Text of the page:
American politics may be looking more like Italian politics. That isn’t necessarily a good thing for bilateral relations.
While the U.S. still has only two major parties, the strain of the divide between them makes consensus governing from the center increasingly difficult. That condition defines Italian politics with it multiplicity of parties pulling the peninsula in different directions. Recent municipal elections revealed more fracturing, with ambivalent results for Americans looking for a stronger partner in Southern Europe.
The local elections also did not completely clarify the relationship between the PD and Five Star Movement, the two main political forces joining the Italian center-left world. The two parties allied in Naples, but ran separately in other cities (such as Milan and Rome). Certainly, though, the Five Star Movement emerged seriously weakened; in 2016 it did better in Rome and Turin, running alone.
In short, it is far from clear if the progressives can offer a successful unified front in future national elections. Municipal elections do not automatically have consequences at the national level. The center-right coalition is still favored to win the 2023 general election.
Even if the center-right can avoid the mistakes, rivalries and internal cannibalization of electoral consensus that doomed them in municipal elections, it is not clear they can deliver a ruling coalition that will make for a stronger partner for the U.S. Large sectors of the Italian center-left world (especially the PD) have strong ties with the U.S. Democratic Party. The center-right coalition is more ambivalent, not near as coherent in their political views as American Republicans with few institutional ties to U.S. politicians on either side and a bit all over the place when it comes to European and transatlantic relations.
Nevertheless, national elections are unlikely to overturn the foreign policies of the grand coalition government led by Mario Draghi. Since taking office, Draghi’s policies have more closely aligned with the U.S. Still, he is not unchallenged. In February, there will be elections for the next President of the Republic.
This could well turn into an indirect political duel over the influence of Washington and Beijing. There are a number of potential presidential candidates including Draghi (who is considered close to Washington) and the former Prime Minister Romano Prodi (a stanch supporter of increased “dialogue” between Rome and Beijing). The center-right coalition today is firmly pro-US and worried about the Chinese penetration in Italy. On the other side, the situation is messier. The Five Star Movement is just flat out soft on Beijing, while the PD includes diverse views on China.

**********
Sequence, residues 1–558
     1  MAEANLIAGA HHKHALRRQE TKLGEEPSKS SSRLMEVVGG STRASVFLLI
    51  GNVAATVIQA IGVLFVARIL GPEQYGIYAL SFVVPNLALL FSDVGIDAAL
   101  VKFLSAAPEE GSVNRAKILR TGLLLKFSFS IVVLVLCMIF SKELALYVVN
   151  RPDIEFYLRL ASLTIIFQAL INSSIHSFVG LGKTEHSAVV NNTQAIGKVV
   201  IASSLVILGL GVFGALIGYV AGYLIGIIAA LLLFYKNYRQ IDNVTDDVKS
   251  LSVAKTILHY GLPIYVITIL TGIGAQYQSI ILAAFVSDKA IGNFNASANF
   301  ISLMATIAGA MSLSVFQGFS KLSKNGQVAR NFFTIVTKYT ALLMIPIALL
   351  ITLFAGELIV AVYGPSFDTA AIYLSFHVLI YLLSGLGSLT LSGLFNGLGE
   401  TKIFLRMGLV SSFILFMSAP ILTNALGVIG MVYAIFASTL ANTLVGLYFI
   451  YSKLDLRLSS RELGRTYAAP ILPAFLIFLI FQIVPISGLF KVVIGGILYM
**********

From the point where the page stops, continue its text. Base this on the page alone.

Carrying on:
Russia is also an issue. Here, the center-right is split. Some factions are pro-US, others pro-Russian. Case in point, Lega’s Paolo Formentini is pro-NATO, but many in his party are pro-Putin. Overall, however, relations with Russia have cooled in the past two years, especially since the party began to hold an anti-China line and also because of charges that Russia tried to meddle in internal party politics in 2019.
On strategic autonomy, Formentini, the vice president of the Foreign Affairs Commission of the Chamber of Deputies, is strongly pro-NATO. More generally, the League is not pro-French, and Paris is the main instigator of support for an independent European security identity.
At the end of the day, the truth is that the Italian center-right coalition focuses little on foreign policy, and that hamstrings its ability to lead in transatlantic relations. Its opponents, on the other hand, are more proactive on the foreign policy front. The PD has deep ties to the U.S. Democratic Party, and the Five Star Movement is strongly pro-Chinese. These two parties are allies on a national level, and that makes for a bit of a toxic mix. Biden’s foreign policy is an absolute dumpster fire, and neither mainstream American political party favors giving China a pass.
The U.S. would greatly benefit from stronger Italian leadership on NATO’s southern flank. As Italian politics meanders along in the next few years, that strength may or may not develop. Much will depend on the leadership of Italy’s center-right coalition and the choices they make.
This piece originally appeared in Real Clear World